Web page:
THE BLOG
04/28/2014 04:16 pm ET Updated Jun 28, 2014

Firenze Fireworks: Easter Explosions in Florence

I am happy to be back in Firenze, celebrating spring.

Pasqua is the Italian word for Easter, and, ironically, it also means Passover (think Paschal lamb on the seder plate), so the word originally refers to both important spring holidays. In Italy it is safe to say that most people think only about Easter (there are only about 44, 000 Jews in all of Italy, I have heard) and not about Passover.

So, on Pasqua/Easter, springtime shone brightly here in Firenze, and the whole city of Florence, as it has done for at least the past 500 years, held its Scoppio del Carro ('explosion of the cart') in the beautiful Duomo piazza. The celebration is a combination of pagan noise, light and religious music and ritual. Every one of my senses was awakened and expanded.

First came the parade, a procession of men bearing drums and trumpets and flags and in full Renaissance costume, including many red shoes and many plumed helmets. They performed their traditional flag-throwing routine and then announced loudly (with their instruments) the arrival of the oxen-pulled Carro (cart). The carro in use now is about 150 years old, was donated to the city by the once-wealthy Pazzi family (now the family line has pretty much died out, I read) and is a contraption about three stories high and made of wood and brass and full of explosives and fireworks.

The spectacle is fantastic -- first the procession of the carro pulled by six Tuscan white oxen with wreaths of spring flowers and herbs intertwined in their horns, then the procession of the religious celebrants in full dress regalia who go into the church to celebrate Pasqua with prayer and blessing. And then, as a final wish for good harvest, good business and stable civic life, the bishop of Florence, from inside the Duomo, lights a mechanical dove with the fire made from flints from Jerusalem.

This dove flies across a wire from the altar inside to the carro (cart) outside, and, upon impact, the fireworks inside the carro explode and create a fabulous show for all. I found the whole experience incredibly sensory -- the bells were ringing, the smoke filled the air, and the daytime fireworks display was awesome. Supposedly, Florence holds the 'Best Daytime Fireworks' award from somewhere; I do wonder if they have ever had any competition!

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I was also astounded that this very loud, very exciting, very hedonistic ritual took place in the midst of the crowded Duomo Piazza, with no visible protection for anyone except a small ring of space around the exploding cart and with a solo firetruck standing by. The embers were raining down, the smoke was pervasive and the spinning wheels of the cart were shooting fireworks everywhere. During all of this chaos, children are sitting on top of shoulders, elderly folk are leaning on family members' arms and the rest of us are all standing captivated and captive. Amazing!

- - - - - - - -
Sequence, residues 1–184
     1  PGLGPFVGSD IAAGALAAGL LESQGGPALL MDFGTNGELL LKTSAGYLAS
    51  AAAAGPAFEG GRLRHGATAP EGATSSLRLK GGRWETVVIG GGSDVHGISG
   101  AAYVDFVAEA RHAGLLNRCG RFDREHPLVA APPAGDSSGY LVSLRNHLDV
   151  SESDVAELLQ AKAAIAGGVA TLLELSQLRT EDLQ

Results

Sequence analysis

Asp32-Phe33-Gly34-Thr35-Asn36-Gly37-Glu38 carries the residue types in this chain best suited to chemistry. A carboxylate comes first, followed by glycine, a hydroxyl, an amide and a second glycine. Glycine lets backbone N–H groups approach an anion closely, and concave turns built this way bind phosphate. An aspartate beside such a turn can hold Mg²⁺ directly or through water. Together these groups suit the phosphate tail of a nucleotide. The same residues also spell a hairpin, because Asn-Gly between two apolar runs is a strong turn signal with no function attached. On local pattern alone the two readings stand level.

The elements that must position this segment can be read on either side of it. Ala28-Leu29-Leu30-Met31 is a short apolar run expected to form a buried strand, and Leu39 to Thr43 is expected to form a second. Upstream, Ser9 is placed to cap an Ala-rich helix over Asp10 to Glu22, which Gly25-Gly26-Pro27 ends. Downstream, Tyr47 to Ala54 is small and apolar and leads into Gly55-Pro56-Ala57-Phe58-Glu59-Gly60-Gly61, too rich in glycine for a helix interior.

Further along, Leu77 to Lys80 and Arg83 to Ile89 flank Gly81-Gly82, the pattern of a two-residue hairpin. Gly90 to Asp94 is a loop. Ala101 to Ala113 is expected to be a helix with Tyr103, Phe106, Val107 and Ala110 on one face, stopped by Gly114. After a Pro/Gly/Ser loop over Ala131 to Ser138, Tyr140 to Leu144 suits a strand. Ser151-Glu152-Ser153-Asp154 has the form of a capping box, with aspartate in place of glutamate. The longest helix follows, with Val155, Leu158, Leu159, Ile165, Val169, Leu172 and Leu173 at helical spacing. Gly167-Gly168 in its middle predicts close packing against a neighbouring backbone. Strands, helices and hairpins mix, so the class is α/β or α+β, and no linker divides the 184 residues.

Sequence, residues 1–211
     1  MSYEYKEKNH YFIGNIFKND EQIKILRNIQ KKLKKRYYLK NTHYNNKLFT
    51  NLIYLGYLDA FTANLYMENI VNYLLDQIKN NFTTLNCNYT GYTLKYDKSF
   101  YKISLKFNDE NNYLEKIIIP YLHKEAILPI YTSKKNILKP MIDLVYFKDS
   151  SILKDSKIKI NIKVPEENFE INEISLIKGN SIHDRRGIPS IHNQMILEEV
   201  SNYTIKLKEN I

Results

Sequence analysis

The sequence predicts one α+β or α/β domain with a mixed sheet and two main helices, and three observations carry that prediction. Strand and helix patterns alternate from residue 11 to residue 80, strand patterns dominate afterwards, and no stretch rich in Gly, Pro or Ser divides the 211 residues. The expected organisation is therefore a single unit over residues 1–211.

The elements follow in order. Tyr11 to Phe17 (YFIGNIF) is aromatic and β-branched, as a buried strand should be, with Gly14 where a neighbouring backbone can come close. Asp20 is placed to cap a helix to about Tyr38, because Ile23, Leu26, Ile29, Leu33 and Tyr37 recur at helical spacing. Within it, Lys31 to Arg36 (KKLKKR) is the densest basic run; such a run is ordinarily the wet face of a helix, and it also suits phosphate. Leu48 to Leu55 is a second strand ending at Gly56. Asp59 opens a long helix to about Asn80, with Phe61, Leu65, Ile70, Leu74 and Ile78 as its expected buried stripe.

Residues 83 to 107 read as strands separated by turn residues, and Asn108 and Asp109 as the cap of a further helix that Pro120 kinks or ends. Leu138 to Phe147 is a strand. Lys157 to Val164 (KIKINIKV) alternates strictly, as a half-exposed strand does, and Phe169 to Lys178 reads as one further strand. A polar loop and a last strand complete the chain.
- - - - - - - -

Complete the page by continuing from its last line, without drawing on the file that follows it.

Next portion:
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The belief is that if there is a 'successful' explosion of the carro, then the coming seasons will be bountiful and prosperous; farmers, I have heard, still travel in to Florence to celebrate this holiday and ritual to guarantee a good harvest. Although, happily, the 'success' of the explosion is guaranteed these days by the use of a mechanical (and pretty reliable) dove instead of a real (and pretty unreliable) dove to light the explosions, the crowd certainly voted it a success! It's a great way to celebrate spring, Easter, Passover, rebirth and renewal and resurrection. And I loved the fact that so many people, including so many families with kids, came together to celebrate; it felt like a big field trip and not a big religious trip. The Italians love to celebrate, and this is a big one, and is most likely followed by a big meal. Christmas is a holiday spent with the family; Easter is a holiday spent with friends (and family, if possible).

Unfortunately, daytime fireworks don't show up so well -- only an in-person viewing will do!

And the Italian celebrations continue.... Monday, the day after Pasqua/Easter was the holiday of Pasquetta ('little Easter'), which doesn't seem to have a logical reason for existing. A friend told me it was just another reason for Italians to have a festive family dinner!

And then:
- on April 25, the Italians celebrate Liberation Day, marking the downfall of Mussolini and the end of the Nazi occupation
- on May 1, the Italians celebrate Memorial Day
- banks, schools and businesses will be closed on each holiday, giving the Italians yet another more and more opportunity for feasts and pomp.